From the desert to the web: bringing the Dead Sea Scrolls online

Monday, September 26, 2011 | 12:28 PM

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(Cross-posted from the Official Google Blog)

It’s taken 24 centuries, the work of archaeologists, scholars and historians, and the advent of the Internet to make the Dead Sea Scrolls accessible to anyone in the world. Today, on the eve of the new year on the Hebrew calendar, we’re celebrating the launch of the Dead Sea Scrolls online; a project of The Israel Museum, Jerusalem powered by Google technology.

Written between the third and first centuries BCE, the Dead Sea Scrolls include the oldest known biblical manuscripts in existence. In 68 BCE, they were hidden in 11 caves in the Judean desert on the shores of the Dead Sea to protect them from the approaching Roman armies. They weren’t discovered again until 1947, when a Bedouin shepherd threw a rock in a cave and realized something was inside. Since 1965, the scrolls have been on exhibit at the Shrine of the Book at The Israel Museum, Jerusalem. Among other topics, the scrolls offer critical insights into life and religion in ancient Jerusalem, including the birth of Christianity.

Now, anyone around the world can view, read and interact with five digitized Dead Sea Scrolls. The high resolution photographs, taken by Ardon Bar-Hama, are up to 1,200 megapixels, almost 200 times more than the average consumer camera, so viewers can see even the most minute details in the parchment. For example, zoom in on the Temple Scroll to get a feel for the animal skin it's written on—only one-tenth of a millimeter thick.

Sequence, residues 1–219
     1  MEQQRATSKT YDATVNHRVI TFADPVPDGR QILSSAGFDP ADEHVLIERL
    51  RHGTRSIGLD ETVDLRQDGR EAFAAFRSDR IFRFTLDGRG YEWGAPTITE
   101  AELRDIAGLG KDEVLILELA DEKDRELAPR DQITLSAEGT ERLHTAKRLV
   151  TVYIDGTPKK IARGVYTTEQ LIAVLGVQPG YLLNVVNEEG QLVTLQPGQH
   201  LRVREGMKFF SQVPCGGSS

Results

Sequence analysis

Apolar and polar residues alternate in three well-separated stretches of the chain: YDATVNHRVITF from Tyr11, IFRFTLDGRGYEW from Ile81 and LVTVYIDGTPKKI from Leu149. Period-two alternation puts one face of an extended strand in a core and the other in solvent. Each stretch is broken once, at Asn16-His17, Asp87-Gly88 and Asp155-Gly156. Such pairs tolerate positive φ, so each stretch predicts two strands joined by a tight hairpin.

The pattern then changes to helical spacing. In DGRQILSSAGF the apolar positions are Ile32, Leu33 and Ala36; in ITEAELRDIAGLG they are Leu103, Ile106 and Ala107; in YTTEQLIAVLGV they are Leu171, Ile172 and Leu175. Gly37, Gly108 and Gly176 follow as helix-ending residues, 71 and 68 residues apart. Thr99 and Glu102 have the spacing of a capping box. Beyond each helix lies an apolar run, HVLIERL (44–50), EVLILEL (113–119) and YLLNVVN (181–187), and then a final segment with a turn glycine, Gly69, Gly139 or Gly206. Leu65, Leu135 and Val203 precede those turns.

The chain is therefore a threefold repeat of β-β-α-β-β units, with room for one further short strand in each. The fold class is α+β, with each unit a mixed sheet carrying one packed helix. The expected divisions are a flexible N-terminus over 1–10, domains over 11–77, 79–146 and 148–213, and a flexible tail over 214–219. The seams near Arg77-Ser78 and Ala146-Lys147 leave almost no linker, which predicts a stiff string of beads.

You can browse the Great Isaiah Scroll, the most well known scroll and the one that can be found in most home bibles, by chapter and verse. You can also click directly on the Hebrew text and get an English translation. While you’re there, leave a comment for others to see.

The scroll text is also discoverable via web search. If you search for phrases from the scrolls, a link to that text within the scroll viewers on the Dead Sea Scrolls collections site may surface in your search results. For example, search for [Dead Sea Scrolls "In the day of thy planting thou didst make it to grow"], and you may see a link to Chapter 17:Verse 11 within the Great Isaiah Scroll.

This partnership with The Israel Museum, Jerusalem is part of our larger effort to bring important cultural and historical collections online. We are thrilled to have been able to help this project through hosting on Google Storage and App Engine, helping design the web experience and making it searchable and accessible to the world. We’ve been involved in similar projects in the past, including building the Yad Vashem Holocaust photo collection. We encourage organizations interested in partnering with us in our archiving efforts to enter their information in this form. We hope you enjoy visiting the Dead Sea Scrolls collection online, or any of these other projects, and interacting with history at your fingertips.


Tim Acheson said...

Bugs! GFail.

I welcome this project, having read the English translation myself many years ago, but evidently Google was not a wise choice of tech partner. Google's reputation is over-inflated by hype and the success of search a decade ago, while the corporation's key brands are a testimony to imitation and acquisition rather than innovation. Many of the bugs in Google's interface for viewing Dead Sea Scrolls are apparent within the first few minutes of use.

The translation lightboxes that appear when a verse is clicked are consistently obscured by the border around the viewing frame, and sometimes the lightboxes don't appear at all when the verse is clicked.

For example, see this screenshot taken in Google's own Chrome web browser; thus preempting the excuses for bugs usually cited by Google's vocal and influential communities of apologists.